Thursday, June 06, 2013

What Can I Tell You?

State of the Apocalypse, Stardate Six-Six-Thirteen

I’d wanted to post something on the first of the month, start a proper chain. I would have begun by noting the celebratory feel to the day, how it did my bitter old peach-pit heart good to see the laughing, hooting teenage boys and girls throwing a football among each other at Frontier Park. I would have described the chill undertone to the air, how it seemed more like early October than June. (But, hey, brace yourselves! Summer will be over before you know it!) 

For a delirious instant, I considered opening a blog post every day the way old English journals used to do, with a local weather report. Maybe that would get the ol’ juices going.


The day after, Sunday 2 June, I got word that my Aunt Margie had died. At 82 she’d lived a fuller life than most. Still her passing hit me hard. Aunt Margie represented the better part of Things Long Past in my life: gatherings with the cousins of my adoptive family, summers at the beach, big extended family dinners. That brief, happy period when my parents were still alive and my step-dad’s various psychoses were largely under control. When Aunt Margie and Uncle Joe would come to visit they would sit at the living room table smoking cigarettes and pouring wine throughout long nights of loud talk and laughter. Even if my childhood wasn’t the most salubrious and my parents largely grossly incompetent in their parenting, good times were had, and Aunt Margie was a part of them. She gave birth to two of the finest, most unique men I’ve ever had the privilege to know, and that’s another book altogether.

For several thousand words before I deleted the post I rhapsodized about all this and my own guilt for not staying in touch, my own part in the accelerated social entropy that transformed a vibrant extended family into an atomized spread of people related to each other, but with nothing much to say. Not out of hostility. Our parents, our aunts and uncles were another people who belonged to another time. We are not those people and this is not that time. This is the way things are. If you want to change them, then step up and take your shot!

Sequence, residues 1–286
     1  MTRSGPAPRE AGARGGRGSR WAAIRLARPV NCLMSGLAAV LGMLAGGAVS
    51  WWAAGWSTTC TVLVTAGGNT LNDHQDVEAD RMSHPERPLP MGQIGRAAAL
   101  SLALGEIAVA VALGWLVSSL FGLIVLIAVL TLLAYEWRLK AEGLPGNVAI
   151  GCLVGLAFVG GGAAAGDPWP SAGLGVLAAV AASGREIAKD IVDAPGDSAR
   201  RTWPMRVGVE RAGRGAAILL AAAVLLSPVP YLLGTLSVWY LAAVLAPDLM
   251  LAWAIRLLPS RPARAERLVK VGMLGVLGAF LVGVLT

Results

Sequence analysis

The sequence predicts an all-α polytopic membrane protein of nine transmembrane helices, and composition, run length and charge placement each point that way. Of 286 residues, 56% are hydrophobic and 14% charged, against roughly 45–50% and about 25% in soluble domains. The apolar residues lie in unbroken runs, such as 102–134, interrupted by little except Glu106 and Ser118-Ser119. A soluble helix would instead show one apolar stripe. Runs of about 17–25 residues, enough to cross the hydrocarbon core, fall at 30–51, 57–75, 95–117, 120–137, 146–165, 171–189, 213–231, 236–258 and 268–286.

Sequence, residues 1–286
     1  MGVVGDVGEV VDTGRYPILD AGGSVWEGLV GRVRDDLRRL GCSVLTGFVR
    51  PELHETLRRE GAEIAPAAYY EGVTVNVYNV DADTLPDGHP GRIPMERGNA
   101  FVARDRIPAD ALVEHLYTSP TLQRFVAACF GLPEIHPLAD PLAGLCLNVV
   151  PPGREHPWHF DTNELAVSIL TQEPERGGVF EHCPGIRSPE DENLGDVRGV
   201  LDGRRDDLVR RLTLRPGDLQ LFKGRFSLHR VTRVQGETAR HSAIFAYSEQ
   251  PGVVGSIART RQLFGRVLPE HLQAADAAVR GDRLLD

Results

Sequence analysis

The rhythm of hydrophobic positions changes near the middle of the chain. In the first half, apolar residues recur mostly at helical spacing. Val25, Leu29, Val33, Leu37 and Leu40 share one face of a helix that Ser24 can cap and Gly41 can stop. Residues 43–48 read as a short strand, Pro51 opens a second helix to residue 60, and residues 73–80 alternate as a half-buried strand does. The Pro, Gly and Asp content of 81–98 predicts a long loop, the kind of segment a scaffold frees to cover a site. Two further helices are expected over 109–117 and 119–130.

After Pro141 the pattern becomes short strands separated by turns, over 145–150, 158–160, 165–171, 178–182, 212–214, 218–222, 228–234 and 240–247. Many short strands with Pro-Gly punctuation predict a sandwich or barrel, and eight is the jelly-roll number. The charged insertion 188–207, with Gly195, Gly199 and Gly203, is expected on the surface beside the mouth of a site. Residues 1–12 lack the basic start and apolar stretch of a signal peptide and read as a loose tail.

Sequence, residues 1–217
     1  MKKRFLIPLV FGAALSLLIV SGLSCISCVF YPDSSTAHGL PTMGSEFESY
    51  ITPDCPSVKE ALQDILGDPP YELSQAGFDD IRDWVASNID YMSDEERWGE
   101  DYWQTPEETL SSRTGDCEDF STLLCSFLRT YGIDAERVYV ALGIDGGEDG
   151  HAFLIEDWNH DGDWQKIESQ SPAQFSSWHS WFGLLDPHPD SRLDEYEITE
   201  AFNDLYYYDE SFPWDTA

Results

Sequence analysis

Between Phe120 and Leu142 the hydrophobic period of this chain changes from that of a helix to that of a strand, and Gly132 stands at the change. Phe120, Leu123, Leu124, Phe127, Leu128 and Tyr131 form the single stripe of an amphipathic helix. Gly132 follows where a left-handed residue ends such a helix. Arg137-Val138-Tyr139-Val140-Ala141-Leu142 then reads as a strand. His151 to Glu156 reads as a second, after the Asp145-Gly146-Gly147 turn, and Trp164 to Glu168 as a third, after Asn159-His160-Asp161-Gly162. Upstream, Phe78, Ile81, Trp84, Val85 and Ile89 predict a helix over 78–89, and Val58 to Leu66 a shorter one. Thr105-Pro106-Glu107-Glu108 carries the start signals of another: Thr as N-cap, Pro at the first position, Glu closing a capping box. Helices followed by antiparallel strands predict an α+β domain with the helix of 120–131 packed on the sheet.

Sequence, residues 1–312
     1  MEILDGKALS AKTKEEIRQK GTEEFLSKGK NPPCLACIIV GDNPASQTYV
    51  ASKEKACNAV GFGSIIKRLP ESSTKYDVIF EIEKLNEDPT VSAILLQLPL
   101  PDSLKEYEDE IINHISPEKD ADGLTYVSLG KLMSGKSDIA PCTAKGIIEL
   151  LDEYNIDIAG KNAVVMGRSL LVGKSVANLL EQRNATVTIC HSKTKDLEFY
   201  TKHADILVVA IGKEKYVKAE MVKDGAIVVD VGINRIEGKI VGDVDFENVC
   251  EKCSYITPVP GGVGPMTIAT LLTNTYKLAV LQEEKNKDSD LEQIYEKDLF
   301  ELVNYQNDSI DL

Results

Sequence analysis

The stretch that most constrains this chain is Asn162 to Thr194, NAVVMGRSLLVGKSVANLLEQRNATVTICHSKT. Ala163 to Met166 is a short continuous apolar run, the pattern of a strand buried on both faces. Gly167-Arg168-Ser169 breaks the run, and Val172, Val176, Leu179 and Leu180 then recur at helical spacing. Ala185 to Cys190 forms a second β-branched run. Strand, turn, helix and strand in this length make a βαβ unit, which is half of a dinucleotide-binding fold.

Which I won’t. And let’s stop this train of thought right here. It’s annoying when other people write this rot. As much as I hope to have tempered my feelings enough to get things down on the record in a proper book, this isn’t the time. And I’m not that person. If ever — and so long as I’m working towards taking this sad song and making it better, so what?

I’d hoped to wind this up and post it last night but my son came down to my basement office with his guitar. Ostensibly he was looking for guidance on barre chords, which he’s just picked up on. Mostly he was just bored and looking to hang out. I was irritated at first—I haven’t done dick all day on my Dead Silencer project—but after a while I loosened up as we went through my music library for examples of the barre chord in action.

For the next couple of hours I had no worries about the blog. I didn’t sweat how everything is not just going to shit but is very much there already, only getting worse. We worked the transition from F major to minor to C in David Bowie’s “Space Oddity” and goofed around with Bob Dylan and Neil Young before settling in to watch a brace of videos on how to play “Mean Street” and “Unchained” from Van Halen’s Fair Warning.

So it all works out. Like Voltaire’s Candide at the end of his book I’ve realized — again — it’s really about tending your own garden. That’s what I’ll do then. I’ll post when I post. Here’s hoping you’re out of the weather and feeling fine. See you next time.

“If you can’t dazzle them with brilliance, baffle them with bullshit.” This young lady is doing both.
And now the lesson is yours.